FCC Backs More Unlicensed Use of TV, 600 MHz Bands

The Federal Communications Commission on Sept. 30 announced proposals to modify its Part 15 rules affecting the use of unlicensed wireless devices ahead of the spectrum incentive auction expected to take place around the middle of next year. Following the incentive auction, with the repacking of the television band and the repurposing of current television spectrum for wireless services, fewer frequencies in the UHF band will be available for use by unlicensed fixed and personal/portable White Space devices and wireless microphones.

The FCC commented in a statement, “The proposed changes to Part 15 rules are designed to allow for more robust service and efficient spectral use in the frequency bands that are now and will continue to be allocated and assigned to broadcast television services, while continuing to protect authorized users from harmful interference.”

The 600 MHz Band Plan covered in the Incentive Auction Report and Order also provides new opportunities for unlicensed White Space devices in the repurposed 600 MHz band guard bands and channel 37. The Notice also proposes and seeks comment on rules to permit those operations, while protecting authorized licensed services from harmful interference.

However, the proposed rule changes, which seek to outline the post-auction landscape in which both licensed and unlicensed wireless users will share remaining UHF spectrum, could further constrict available spectrum reserved for professional wireless users while potentially favoring commercial developers of unlicensed wireless spectrum.

FCC Chairman Tom Wheeler addressed professional wireless-microphone users pointedly in a separate comment, in which he stated, “We are exploring how best to address the needs of wireless microphone users over the long term, while encouraging development of technologies that will better facilitate sharing with other wireless uses in an increasingly crowded spectral environment.”

He went on to state that the Notice of Proposed Rule Making (NPRM) recognizes the importance of sharing spectrum resources, adding, in a phrase certain to resonate with broadcasters and live-event producers, “even when such sharing may not be entirely comfortable — or easy — for incumbent users.”

Manufacturers of wireless microphone systems used by sports and other live broadcasters have responded cautiously.

“We are pleased that the Commission appreciates the importance and ubiquitous nature of wireless mics in U.S. society,” Joe Ciaudelli, who manages spectrum affairs at Sennheiser, said in a written response to the NPRM announcement. “We applaud their goal to issue an order before the commencement of the incentive auction to address the long-term needs of mic operators.”

However, he continued, “Mic operation in the 600 MHz guard bands will be useful for some less critical operations but will not provide the quality and reliability needed for professional recording and broadcast of spontaneous news and high-end live events. Some of these are viewed by millions. Some, such as hurricane and tornado alerts, have public-safety consequences that make reliability paramount. Unplanned broadcasts often occur in challenging environments and circumstances that require the propagation characteristics of UHF and do not allow for a second ‘take.’”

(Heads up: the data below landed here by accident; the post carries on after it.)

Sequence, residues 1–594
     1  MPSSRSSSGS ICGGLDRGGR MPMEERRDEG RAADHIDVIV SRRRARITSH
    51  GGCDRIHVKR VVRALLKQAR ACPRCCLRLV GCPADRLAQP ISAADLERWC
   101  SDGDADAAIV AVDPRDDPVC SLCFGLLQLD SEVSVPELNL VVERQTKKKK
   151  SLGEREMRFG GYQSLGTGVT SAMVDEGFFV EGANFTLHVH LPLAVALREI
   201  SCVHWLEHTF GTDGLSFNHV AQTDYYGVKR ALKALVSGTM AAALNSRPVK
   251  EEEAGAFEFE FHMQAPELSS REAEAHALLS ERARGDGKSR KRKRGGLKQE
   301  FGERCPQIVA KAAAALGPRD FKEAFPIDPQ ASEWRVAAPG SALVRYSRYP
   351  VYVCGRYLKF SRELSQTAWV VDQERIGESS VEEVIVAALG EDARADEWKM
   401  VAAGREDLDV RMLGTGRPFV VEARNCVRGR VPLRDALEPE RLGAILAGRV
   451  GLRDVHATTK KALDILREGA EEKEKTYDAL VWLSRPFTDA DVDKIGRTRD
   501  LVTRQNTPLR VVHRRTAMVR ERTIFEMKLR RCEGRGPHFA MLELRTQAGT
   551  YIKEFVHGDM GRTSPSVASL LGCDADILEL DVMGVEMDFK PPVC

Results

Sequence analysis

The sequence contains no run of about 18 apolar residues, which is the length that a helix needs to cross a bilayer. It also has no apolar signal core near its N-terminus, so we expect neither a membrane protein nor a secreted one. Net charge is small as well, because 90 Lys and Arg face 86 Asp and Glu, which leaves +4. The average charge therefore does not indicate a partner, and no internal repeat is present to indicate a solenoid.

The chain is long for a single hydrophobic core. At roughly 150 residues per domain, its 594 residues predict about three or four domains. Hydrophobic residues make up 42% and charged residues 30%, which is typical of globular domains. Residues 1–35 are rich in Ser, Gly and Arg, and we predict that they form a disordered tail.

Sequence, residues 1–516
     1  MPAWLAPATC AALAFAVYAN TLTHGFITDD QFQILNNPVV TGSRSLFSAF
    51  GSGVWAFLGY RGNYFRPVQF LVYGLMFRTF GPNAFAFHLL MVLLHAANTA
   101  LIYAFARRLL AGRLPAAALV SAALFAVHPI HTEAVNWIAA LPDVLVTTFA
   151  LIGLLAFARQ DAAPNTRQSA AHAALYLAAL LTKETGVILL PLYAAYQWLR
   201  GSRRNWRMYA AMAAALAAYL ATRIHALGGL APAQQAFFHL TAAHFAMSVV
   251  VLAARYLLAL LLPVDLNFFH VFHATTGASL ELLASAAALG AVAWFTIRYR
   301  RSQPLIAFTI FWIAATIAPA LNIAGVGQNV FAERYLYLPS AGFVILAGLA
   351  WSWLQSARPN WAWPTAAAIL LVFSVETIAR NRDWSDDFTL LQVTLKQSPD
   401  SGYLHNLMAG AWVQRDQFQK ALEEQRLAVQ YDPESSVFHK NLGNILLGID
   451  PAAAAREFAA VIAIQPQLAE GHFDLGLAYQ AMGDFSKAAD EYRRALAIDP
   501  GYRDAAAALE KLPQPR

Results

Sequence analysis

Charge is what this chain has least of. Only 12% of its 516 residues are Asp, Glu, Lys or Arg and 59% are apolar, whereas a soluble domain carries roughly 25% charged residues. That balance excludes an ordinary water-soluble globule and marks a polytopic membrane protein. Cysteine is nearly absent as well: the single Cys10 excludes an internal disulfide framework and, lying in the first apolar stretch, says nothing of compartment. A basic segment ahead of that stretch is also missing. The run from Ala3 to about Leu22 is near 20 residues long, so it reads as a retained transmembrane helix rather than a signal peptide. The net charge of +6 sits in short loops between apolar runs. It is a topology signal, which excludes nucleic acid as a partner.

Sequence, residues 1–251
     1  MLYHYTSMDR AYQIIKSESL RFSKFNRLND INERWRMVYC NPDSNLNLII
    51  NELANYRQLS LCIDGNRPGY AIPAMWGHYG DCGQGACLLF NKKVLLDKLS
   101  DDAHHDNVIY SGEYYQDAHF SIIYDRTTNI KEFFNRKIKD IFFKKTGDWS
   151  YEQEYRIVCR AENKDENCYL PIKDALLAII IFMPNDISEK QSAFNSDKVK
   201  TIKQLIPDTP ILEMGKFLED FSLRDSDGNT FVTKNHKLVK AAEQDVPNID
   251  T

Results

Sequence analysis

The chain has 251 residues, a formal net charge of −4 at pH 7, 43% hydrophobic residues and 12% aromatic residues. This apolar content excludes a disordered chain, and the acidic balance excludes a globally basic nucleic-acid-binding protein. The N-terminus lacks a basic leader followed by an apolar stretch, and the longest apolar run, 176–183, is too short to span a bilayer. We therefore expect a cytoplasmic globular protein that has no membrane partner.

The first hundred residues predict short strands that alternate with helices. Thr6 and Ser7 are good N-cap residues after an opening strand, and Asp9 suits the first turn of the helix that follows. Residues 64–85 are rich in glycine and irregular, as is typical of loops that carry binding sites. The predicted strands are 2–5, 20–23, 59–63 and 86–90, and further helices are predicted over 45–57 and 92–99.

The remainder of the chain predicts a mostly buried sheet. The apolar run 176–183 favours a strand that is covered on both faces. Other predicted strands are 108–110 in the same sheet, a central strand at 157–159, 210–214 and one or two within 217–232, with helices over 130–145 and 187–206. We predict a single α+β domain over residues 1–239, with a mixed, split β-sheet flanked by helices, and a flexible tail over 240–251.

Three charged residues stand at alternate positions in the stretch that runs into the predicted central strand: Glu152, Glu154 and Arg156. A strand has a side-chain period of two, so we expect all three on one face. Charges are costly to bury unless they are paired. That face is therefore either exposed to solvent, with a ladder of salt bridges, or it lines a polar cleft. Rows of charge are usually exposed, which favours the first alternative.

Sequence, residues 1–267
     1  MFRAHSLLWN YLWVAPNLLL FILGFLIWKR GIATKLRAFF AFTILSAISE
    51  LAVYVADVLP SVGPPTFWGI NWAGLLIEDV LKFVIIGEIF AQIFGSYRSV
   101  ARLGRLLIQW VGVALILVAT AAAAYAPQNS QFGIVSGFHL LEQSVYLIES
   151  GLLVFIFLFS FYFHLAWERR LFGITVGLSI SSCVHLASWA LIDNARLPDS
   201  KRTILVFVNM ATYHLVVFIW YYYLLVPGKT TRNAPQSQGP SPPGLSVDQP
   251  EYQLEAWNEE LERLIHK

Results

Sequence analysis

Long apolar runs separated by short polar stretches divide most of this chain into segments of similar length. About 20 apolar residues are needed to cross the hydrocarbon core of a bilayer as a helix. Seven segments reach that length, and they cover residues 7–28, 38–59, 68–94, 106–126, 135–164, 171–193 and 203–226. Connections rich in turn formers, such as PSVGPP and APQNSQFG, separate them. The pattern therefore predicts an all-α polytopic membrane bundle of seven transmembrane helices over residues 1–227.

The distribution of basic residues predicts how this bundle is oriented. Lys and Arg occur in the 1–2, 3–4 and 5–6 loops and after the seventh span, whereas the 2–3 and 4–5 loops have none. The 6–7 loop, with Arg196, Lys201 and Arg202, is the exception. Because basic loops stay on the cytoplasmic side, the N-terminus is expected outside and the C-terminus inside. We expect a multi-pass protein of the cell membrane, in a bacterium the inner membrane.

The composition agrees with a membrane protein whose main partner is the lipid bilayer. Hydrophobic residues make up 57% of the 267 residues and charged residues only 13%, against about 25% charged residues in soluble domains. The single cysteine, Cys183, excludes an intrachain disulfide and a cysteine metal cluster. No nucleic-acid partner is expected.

Jackie Green, VP of R&D/engineering, Audio-Technica, said that some of the comments and suggestions in the two NPRMs seem to indicate that the FCC may not have a firm grasp of the issues that professional wireless users face as spectrum is reduced.

“They seem confused,” she said, citing a comment about possible abuse of the database-registration system. “Due to a lack of White Space devices on the market, some wireless-microphone users do not bother to register their actual spectrum requirements in the database. This seems to have caused confusion or a misperception on the part of the FCC as to exactly how much spectrum is required and when and where it is required. It makes the few users who do register stand out. I’m certain that anyone who actually did register a wireless microphone did so in an act of good-faith compliance. It would help if all users would register in order to give a better view of the need for wireless-microphone spectrum. Also, we need to recognize that, even with knowledge of spectrum demands, the FCC can only do so much. It may be time to take our case directly to Congress.”

Mark Brunner, senior director of global brand management, Shure, pointed to the uncertainty of the outcome of the auctions, for which the economic and spectral outcomes will be based on the number of broadcasters willing to put their spectrum up for auction — an unknowable quantity now — and how the NPRM can alleviate some of that uncertainty.

“This is a consideration of possibilities of how unlicensed wireless operators will be regulated within the UHF band,” he explained. “It’s in the interest of everyone to reduce the ambiguity of who will operate where and under what rules.” That, he said, could lead to higher auction values for the spectrum being offered, bringing in more revenue for the U.S. Treasury. The key for manufacturers, he added, is the need to find ways to more efficiently use what spectrum is left: “And that’s something we’re doing.”